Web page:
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Early-stage investment heats up, and biggies want a piece of this pie

The last two years have strengthened the early-stage funding ecosystem. From Sequoia’s Surge and Accel’s Atom to a slew of angel investors and now even growth-stage investors want a pie of this pie. The question arises for venture capitalists, who used to invest between seed to Series B.

Early-stage investment heats up, and biggies want a piece of this pie

Friday December 24, 2021 , 7 min Read

One of the biggest trends in the funding boom during the pandemic has been the strengthening of the angel and early-stage investment ecosystem.

While many startup founders back in the day — including Flipkart’s Sachin Bansal and Binny Bansal (not related) — would find it difficult to raise investor money. Many would even wait for a couple of years before getting that first cheque.  

Fast-forward to 2021, investors have been piling on to invest in early-stage startups. From the start of the year, till November, over $13.6 billion has been invested across 3,479 early-stage deals, according to YourStory Research.

The investors range from second-time entrepreneurs and celebrities, to early-stage focused venture capital investors, which started investing in the last two or three years.   

Among the investors, Kunal Shah — who sold his coupon app Freecharge to Snapdeal and founded credit card payment reward points platform Cred — is the most active investor in the angel ecosystem.

Kunal has been involved in 58 deals with disclosed and undisclosed funding values. Among the disclosed deals, he is involved in deals cumulatively valuing around $252.7 million. This is followed by Mumbai-based Venture Catalysts, which has invested upwards of $121.7 million across 46 deals in a similar fashion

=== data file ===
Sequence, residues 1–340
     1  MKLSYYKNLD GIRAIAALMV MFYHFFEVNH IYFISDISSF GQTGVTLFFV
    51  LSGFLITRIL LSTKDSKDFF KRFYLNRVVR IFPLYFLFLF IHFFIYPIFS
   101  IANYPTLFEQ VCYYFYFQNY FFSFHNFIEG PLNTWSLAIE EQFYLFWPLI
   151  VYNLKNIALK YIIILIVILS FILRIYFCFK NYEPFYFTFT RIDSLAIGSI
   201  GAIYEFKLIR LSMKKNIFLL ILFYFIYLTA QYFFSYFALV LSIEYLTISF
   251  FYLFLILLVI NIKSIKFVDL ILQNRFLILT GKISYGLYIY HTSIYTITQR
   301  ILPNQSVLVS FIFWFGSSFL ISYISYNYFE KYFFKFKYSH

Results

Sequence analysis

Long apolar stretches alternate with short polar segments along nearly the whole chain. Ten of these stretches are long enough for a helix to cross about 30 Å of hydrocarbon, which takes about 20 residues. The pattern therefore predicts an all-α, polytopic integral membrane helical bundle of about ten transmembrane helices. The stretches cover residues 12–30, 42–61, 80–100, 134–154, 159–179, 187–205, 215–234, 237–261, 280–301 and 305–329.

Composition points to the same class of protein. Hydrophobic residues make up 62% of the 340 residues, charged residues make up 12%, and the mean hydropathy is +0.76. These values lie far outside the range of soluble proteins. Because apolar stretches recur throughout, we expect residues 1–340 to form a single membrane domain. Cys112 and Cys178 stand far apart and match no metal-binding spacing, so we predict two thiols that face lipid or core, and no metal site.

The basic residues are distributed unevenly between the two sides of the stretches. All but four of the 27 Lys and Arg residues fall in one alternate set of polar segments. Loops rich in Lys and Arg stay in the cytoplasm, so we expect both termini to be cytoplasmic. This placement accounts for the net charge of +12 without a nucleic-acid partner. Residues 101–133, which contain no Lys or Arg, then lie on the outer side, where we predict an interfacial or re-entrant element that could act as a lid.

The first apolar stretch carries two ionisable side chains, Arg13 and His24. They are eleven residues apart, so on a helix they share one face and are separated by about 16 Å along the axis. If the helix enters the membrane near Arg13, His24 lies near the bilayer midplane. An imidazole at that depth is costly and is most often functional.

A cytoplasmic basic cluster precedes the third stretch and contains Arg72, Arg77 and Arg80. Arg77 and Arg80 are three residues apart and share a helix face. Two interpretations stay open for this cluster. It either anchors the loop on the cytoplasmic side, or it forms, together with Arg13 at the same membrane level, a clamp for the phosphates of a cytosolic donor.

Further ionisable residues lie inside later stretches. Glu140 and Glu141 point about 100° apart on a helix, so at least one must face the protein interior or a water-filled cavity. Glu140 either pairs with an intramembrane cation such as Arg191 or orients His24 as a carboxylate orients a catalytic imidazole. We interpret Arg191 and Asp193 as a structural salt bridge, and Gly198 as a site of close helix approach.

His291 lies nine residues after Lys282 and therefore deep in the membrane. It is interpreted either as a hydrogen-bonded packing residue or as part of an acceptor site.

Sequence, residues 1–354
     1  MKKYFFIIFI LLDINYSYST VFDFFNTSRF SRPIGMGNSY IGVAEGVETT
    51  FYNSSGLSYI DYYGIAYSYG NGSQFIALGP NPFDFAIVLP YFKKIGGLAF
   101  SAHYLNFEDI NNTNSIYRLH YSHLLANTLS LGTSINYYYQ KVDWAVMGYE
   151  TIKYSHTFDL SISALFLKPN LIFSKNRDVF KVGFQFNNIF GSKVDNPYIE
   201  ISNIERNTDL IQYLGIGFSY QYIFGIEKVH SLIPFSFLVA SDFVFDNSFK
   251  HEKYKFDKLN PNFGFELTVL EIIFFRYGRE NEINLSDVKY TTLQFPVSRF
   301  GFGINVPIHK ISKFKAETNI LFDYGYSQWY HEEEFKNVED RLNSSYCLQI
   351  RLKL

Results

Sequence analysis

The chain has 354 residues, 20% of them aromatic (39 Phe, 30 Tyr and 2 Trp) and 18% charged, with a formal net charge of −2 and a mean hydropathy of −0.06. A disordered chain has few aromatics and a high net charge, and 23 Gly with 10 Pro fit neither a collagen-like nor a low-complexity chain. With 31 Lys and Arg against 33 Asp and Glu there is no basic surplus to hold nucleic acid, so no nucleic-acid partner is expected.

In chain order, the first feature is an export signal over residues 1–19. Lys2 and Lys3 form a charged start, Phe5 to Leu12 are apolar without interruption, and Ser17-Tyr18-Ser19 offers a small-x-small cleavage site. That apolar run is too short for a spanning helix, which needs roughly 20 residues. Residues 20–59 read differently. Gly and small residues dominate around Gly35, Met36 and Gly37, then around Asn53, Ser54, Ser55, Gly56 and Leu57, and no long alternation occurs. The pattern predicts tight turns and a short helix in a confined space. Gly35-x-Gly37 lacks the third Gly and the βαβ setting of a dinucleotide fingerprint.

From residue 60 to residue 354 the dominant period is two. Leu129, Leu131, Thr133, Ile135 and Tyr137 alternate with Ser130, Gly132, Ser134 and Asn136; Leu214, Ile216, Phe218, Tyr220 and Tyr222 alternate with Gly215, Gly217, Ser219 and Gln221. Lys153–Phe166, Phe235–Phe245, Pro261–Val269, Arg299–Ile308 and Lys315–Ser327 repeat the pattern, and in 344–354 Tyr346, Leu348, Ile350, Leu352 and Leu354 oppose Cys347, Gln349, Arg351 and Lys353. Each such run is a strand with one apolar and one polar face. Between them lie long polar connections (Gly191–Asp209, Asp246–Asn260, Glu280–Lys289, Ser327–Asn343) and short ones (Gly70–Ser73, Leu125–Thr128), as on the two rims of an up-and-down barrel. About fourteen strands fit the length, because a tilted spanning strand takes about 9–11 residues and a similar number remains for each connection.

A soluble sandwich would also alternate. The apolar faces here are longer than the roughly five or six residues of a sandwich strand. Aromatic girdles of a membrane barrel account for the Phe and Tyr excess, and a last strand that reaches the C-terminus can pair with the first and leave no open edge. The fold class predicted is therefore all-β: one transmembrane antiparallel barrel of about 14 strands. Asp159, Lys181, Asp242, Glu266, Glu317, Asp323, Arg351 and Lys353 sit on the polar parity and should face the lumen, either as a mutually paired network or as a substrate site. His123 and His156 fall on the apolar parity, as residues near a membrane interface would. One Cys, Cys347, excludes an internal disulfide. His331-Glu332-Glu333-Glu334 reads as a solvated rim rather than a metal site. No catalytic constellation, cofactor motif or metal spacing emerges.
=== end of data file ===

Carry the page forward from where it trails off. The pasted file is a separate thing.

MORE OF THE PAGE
The ecosystem is scaling so fast that even founders creating firms beyond metro cities are confident about raising capital.

“About two years ago, if I was building a startup in Bhopal then financial backers would doubt as to how much I will be able to scale my business from a Tier II city as there are hiring challenges, among many other things. But now, if I write an email with a pitch and presentation they take note of it,” Amitesh Mishra, co-founder of Bhopal-based Zyoga, an AI-based fitness app, told YourStory in an earlier interaction

Looking at the opportunity, about two-year-old angel investment firm Inflection Point Ventures also doubled the number of investments in 2021 compared to last year.

“When COVID-19 outbreak had only happened, many investors were holding on to their cash. But we decided to increase the number of investments we make to scoop up good founders and firms,” says Vinay Bansal, Founder and Chief Executive Officer, Inflection Point Ventures.

The Gurugram-based early-stage investor exited payments platform BharatPe, and edtech platform Pedagogy, the latter was acquired by Vedantu which became a unicorn in September this year.


With the Indian startup ecosystem maturing and practically sneezing a couple of unicorns every week, investors want to give their money to young founders and become a part early on in their journey.

To this step, Sequoia Capital launched its Surge programme to back startups, who could just have a pitch deck, while Accel’s Atom, which is an early-stage investment arm, provides the initial cheque without expecting any stake dilution.

Bessemer Venture Partners — which has been in India for at least 15 years — launched its India-focused early-stage investment fund on 30 November 2021. The backer of unicorns, including Swiggy and Urban Company, launched a massive $220 million, clearly wanting a piece of this burgeoning pie.

Why, you ask? Because if an investor, or an investment firm, stays in a company from seed till exit, which these days could come in the form of an initial public offering (IPO), then the returns generated on the investment are manifold.

For instance, when software-as-a-service (SaaS) firm FreshworksFreshworks got listed on NASDAQ, in September, Accel’s $1 million investment, from 2011, was worth $800 million.